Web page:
The Sandwich Generation: Tips for Managing Finances and Reducing Stress

John D. Evans III, CFP®, MPAS®, CRPC®

Senior Wealth Advisor


If you are in the sandwich generation and want help alleviating your stress and staying financially secure, we are here for you.

Sandwich Generation reviewing Financial Tips

The term “sandwich generation” refers to a generation of adults who are caring for their aging parents while also supporting their own children. If you are “sandwiched” then you already know the unique challenges of balancing caregiving responsibilities for both younger and older family members.

If you fall in this category, you’re not alone. In the U.S., almost a quarter (23%) of adults — and more than half (54%) of adults in their 40s — are now part of the sandwich generation.1 Although mainly identified as having a parent aged 65 or older and raising at least one child younger than 18, the characteristics of the sandwich generation are changing and expanding as life expectancy increases and more parents are financially supporting their adult children2.

These revealing statistics shed light on the profound challenges that individuals like you are confronting:3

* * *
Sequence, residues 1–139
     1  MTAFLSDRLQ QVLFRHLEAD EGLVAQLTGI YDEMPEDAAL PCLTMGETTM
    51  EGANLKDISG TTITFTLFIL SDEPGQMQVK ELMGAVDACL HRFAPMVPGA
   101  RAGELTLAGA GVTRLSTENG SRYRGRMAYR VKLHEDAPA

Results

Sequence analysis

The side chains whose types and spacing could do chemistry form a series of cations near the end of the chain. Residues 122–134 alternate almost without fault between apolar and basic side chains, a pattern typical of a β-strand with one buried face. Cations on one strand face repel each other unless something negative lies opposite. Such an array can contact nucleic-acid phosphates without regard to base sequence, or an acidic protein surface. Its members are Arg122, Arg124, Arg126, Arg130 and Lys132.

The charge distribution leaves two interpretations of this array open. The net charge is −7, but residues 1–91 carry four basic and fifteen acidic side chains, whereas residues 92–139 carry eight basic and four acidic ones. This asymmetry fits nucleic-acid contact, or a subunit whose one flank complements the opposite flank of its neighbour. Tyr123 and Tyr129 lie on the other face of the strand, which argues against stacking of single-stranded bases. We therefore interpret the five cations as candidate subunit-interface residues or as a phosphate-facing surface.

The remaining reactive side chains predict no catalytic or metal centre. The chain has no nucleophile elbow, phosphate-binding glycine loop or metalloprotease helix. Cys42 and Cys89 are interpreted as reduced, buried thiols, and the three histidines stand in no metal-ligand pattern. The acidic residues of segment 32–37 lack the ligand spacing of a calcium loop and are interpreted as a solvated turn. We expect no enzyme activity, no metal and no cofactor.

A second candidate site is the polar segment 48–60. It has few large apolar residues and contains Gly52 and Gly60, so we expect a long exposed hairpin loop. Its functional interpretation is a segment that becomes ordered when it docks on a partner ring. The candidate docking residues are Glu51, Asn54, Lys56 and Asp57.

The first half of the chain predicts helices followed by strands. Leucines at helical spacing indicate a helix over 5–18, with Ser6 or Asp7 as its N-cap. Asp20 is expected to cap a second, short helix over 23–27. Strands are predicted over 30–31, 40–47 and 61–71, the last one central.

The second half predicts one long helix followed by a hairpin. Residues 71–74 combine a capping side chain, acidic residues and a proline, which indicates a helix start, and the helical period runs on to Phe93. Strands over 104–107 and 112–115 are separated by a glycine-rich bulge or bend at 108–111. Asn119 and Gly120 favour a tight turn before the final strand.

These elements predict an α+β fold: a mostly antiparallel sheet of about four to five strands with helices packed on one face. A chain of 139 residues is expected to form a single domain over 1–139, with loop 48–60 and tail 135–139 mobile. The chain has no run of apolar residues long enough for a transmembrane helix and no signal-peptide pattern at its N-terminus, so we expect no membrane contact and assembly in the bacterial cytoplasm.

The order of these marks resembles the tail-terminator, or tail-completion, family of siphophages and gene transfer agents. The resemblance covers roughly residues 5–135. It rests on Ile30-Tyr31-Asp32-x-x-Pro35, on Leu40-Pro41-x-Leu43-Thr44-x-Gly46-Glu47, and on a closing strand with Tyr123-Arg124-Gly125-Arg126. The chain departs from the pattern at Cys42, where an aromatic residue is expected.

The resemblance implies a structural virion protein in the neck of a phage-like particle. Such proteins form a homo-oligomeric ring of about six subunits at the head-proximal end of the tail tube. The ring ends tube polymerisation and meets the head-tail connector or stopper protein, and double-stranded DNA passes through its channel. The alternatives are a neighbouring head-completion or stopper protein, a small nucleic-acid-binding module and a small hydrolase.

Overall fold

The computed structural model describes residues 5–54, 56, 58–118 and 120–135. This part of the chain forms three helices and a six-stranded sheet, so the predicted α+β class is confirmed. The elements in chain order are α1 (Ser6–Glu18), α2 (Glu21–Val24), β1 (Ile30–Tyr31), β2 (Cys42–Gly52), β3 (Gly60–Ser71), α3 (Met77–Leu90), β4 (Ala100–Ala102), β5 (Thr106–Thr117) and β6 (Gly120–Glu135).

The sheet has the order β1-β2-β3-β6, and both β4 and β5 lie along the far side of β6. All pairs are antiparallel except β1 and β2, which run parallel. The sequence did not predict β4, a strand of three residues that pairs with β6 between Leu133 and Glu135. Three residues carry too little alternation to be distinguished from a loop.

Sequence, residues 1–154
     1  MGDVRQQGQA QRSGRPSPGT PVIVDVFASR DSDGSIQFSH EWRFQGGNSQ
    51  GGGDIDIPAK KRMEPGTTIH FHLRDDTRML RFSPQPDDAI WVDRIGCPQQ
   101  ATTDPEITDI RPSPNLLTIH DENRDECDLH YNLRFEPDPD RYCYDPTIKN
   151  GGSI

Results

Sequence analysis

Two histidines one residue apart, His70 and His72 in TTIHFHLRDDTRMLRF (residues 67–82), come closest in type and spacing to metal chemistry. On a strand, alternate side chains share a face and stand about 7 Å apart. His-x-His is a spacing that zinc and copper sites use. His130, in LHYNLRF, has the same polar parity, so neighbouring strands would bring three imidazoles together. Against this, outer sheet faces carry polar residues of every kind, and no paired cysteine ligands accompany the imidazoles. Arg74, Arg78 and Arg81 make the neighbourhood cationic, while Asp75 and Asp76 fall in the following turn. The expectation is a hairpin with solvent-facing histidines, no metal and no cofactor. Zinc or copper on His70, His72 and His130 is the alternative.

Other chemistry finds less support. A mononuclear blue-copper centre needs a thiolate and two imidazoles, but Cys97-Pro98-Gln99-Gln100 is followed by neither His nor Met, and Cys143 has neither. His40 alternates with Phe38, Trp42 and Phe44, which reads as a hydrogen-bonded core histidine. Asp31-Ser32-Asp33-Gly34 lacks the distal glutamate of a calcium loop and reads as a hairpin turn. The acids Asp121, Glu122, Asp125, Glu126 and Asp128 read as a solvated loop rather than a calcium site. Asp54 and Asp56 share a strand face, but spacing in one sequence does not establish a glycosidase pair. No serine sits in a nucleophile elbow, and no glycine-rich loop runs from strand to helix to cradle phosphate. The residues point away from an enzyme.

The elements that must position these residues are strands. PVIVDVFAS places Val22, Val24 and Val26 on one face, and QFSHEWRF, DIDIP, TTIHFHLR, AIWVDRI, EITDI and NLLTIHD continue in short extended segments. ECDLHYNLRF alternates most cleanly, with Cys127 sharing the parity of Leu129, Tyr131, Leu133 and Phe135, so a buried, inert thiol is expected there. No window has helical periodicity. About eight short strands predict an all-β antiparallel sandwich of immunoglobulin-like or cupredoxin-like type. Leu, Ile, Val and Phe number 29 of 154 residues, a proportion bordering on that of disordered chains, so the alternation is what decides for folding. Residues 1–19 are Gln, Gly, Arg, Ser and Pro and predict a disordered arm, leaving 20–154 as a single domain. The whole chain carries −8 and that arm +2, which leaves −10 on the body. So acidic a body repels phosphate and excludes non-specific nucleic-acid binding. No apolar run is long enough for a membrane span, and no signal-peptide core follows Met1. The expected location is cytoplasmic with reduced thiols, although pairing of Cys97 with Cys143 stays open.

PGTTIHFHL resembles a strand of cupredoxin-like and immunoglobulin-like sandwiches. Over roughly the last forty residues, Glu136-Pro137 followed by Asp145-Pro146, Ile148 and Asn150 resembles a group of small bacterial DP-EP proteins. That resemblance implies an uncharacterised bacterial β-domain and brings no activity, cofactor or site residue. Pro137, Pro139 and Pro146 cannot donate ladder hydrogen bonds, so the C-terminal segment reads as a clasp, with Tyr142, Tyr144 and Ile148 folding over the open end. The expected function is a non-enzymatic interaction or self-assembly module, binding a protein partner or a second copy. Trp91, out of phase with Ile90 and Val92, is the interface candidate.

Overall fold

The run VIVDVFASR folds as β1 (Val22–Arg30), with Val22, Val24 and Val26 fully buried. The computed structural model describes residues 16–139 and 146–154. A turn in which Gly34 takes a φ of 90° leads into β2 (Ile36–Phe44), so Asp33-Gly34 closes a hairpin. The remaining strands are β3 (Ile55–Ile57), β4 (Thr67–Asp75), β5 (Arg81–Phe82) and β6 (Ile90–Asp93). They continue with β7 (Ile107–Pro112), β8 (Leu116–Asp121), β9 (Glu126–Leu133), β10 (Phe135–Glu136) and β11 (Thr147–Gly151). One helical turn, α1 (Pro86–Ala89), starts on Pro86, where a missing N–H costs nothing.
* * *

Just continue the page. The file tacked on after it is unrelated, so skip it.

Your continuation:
• The average sandwiched adult says they are spending 28 hours per week caring for kids plus 22 hours caring for senior family members.
  • Almost half (47%) of sandwiched adults say that they couldn’t pay for basic needs at some point in the past year because of the cost of caregiving.
  • 40% of sandwiched adults say they made a regretful financial decision as a result of mental strain from caregiving.

Since its inception in 1981, when it was coined in an article in ‘The Gerontologist,’ the sandwich generation has seen the development of many resources to aid in managing the dual responsibilities they face. From time and money management tools to emotional support systems, assistance is readily accessible. Empowering individuals to take charge of their lives helps ensure that the demands of their situation do not exhaust their health and financial well-being entirely.